Friday, 16 March 2012

Science Week

This year I decided to make a real effort and have science week events in the school. Now in the middle of it I feel like a music teacher must during the Christmas concerts, and I am not even the person doing the most work!

Before the week started I wrote a news letter with various information including some descriptions of what was happening that week; some "on this day in history" facts that are science related; links to science websites that would be useful for young people; and some "did you know" facts.

On Monday and Tuesday we had science fairs for year 9. This was great for the students who engaged with the activities. Three weeks before they had started an independent enquiry project to present at the fair. I was very impressed by the students' ownership of their projects and knowledge of the scientific method according to science teaching.

In year 7 we usually run a CSI project over the time period of a few weeks. This year I instigated this starting during science week to give both the project a fresh boost and add a little bit of depth to the activities we do in science week without much effort on our part. The students investigate blood splatter, hair types, fingerprints, unknown white powders, chromatography, witness statements, phone records amongst other things.

We had a visitor from Bristol University who spoke on the topic of bioethics to a group of year 10 students and also Pete, the Big Bug Bag Man, brought his large invertebrates to school in his voluminous ruck sack who amazed some year 7s and 8s. Both visitors were cheap enough for our faculty to afford without affecting the overall budget.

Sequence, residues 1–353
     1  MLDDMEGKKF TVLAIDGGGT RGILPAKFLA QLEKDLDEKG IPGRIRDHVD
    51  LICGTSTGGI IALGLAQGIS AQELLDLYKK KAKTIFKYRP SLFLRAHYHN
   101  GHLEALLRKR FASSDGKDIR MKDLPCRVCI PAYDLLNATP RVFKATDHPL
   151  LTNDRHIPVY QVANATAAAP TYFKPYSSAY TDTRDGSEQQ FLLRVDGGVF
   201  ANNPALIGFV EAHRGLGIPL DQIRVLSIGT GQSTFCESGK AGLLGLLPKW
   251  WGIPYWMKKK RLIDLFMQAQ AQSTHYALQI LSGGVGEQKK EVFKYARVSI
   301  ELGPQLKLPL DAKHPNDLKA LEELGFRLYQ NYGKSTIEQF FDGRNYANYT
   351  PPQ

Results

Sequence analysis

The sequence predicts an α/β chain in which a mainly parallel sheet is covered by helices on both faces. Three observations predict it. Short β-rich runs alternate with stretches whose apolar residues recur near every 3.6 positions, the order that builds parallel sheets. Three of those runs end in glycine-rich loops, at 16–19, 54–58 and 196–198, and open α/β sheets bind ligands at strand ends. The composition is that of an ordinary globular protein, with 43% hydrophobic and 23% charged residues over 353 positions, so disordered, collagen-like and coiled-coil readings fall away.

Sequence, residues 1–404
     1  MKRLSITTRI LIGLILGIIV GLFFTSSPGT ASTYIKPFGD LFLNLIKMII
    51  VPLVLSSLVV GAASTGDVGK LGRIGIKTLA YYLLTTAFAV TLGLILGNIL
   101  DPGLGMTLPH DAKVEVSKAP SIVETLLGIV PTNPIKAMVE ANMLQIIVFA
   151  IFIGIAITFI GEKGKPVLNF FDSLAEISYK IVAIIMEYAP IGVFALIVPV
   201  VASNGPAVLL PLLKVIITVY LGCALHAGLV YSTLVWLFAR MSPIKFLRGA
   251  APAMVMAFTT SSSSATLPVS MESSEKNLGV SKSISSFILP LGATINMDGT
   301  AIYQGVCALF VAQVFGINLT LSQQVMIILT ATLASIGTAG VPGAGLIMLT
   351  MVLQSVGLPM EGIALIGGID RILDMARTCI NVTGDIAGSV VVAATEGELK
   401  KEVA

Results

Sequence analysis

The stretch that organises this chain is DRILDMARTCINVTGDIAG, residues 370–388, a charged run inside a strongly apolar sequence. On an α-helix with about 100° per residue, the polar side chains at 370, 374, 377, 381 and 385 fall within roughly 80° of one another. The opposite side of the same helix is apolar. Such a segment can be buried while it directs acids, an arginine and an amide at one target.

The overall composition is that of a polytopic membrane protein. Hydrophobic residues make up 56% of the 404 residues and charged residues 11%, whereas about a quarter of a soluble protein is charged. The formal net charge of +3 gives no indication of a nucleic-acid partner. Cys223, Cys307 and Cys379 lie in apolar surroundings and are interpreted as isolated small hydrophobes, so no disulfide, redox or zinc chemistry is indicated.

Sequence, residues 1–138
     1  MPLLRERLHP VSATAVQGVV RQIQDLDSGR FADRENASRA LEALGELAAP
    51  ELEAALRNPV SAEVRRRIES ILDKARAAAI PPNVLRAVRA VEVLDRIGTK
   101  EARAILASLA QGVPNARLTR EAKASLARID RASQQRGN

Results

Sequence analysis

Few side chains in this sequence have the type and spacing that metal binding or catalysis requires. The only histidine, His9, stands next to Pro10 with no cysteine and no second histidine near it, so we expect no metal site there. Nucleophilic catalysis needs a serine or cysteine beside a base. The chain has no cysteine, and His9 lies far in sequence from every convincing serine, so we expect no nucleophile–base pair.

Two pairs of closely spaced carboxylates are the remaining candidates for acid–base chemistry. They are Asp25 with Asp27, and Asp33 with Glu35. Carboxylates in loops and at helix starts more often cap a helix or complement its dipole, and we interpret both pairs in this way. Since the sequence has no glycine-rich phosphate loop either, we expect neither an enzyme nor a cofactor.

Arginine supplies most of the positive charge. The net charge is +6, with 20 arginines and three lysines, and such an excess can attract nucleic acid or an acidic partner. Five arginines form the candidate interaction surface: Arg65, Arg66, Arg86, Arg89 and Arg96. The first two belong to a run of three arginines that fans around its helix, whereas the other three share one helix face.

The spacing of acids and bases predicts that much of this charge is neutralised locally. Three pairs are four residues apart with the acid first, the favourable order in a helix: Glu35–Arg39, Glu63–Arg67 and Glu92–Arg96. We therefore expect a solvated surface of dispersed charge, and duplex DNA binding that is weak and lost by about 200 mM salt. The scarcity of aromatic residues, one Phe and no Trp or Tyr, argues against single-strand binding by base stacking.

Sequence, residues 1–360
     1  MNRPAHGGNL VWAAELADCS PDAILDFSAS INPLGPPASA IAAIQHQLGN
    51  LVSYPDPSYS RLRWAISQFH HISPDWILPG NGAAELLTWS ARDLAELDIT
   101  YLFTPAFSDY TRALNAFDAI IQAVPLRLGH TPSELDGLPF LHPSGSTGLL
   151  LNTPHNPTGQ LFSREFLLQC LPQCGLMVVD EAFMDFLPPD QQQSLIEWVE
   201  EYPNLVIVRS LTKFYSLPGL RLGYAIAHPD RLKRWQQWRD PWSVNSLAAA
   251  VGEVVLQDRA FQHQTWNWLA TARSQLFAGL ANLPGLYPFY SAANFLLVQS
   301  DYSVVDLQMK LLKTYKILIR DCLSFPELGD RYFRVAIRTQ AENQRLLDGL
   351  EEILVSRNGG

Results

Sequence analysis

We also gave five copies of the official science week quiz to tutors for them to use in tutor time. Quite a few have given them back.

Assemblies have been big hit across the school during science week. Our Head of Chemistry has been delighting the students with the properties of dry ice. The climax of the performance is him pretending to smash his thumb. The gasps from the students say it all.

I also set up and ran a treasure hunt of Einstein images. Anyone who came to me with the locations of all 20 images of Einstein could have chocolate from me. About 10 students went on the hunt, but everyone I spoke to knew about them and that it was Einstein's birthday on 14th March.

In year 8 lessons we gave the students "our world in motion" posters to research and design. This is an official competition with the deadline of 2nd April. The students have to design an all terrain vehicle that will allow competitors to race in a world wide race. Engagement has been good in the project.

The week ended with a trip to the Big Bang Science Fair. I really didn't know how it would work with all the timings and students involved. But the students had a great time and we didn't lose any. It was very busy, but we enjoyed it despite that. 40/40 students said that they would go back again next year.

Through all of this I can really see the value in National Science and Engineering Week and I can't wait to set something up in my new school.

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